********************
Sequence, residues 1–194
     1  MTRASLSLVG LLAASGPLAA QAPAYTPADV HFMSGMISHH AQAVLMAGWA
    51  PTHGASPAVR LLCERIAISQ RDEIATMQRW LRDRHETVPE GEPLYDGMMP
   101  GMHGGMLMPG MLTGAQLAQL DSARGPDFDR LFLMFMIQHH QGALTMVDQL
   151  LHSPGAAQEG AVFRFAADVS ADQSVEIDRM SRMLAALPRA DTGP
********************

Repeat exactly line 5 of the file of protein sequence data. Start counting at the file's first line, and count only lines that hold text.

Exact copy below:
   151  LHSPGAAQEG AVFRFAADVS ADQSVEIDRM SRMLAALPRA DTGP